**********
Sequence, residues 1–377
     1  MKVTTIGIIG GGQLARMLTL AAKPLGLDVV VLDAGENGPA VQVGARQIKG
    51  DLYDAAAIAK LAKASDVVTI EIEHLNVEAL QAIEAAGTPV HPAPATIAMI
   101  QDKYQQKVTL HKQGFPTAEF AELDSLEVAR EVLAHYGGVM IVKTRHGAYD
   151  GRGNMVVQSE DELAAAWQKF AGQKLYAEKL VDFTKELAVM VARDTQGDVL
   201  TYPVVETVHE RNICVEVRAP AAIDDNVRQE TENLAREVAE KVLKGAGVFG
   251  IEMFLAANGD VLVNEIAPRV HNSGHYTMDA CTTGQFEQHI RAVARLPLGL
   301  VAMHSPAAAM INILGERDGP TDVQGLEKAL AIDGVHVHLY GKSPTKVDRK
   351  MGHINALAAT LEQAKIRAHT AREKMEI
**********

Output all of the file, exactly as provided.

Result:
Sequence, residues 1–377
     1  MKVTTIGIIG GGQLARMLTL AAKPLGLDVV VLDAGENGPA VQVGARQIKG
    51  DLYDAAAIAK LAKASDVVTI EIEHLNVEAL QAIEAAGTPV HPAPATIAMI
   101  QDKYQQKVTL HKQGFPTAEF AELDSLEVAR EVLAHYGGVM IVKTRHGAYD
   151  GRGNMVVQSE DELAAAWQKF AGQKLYAEKL VDFTKELAVM VARDTQGDVL
   201  TYPVVETVHE RNICVEVRAP AAIDDNVRQE TENLAREVAE KVLKGAGVFG
   251  IEMFLAANGD VLVNEIAPRV HNSGHYTMDA CTTGQFEQHI RAVARLPLGL
   301  VAMHSPAAAM INILGERDGP TDVQGLEKAL AIDGVHVHLY GKSPTKVDRK
   351  MGHINALAAT LEQAKIRAHT AREKMEI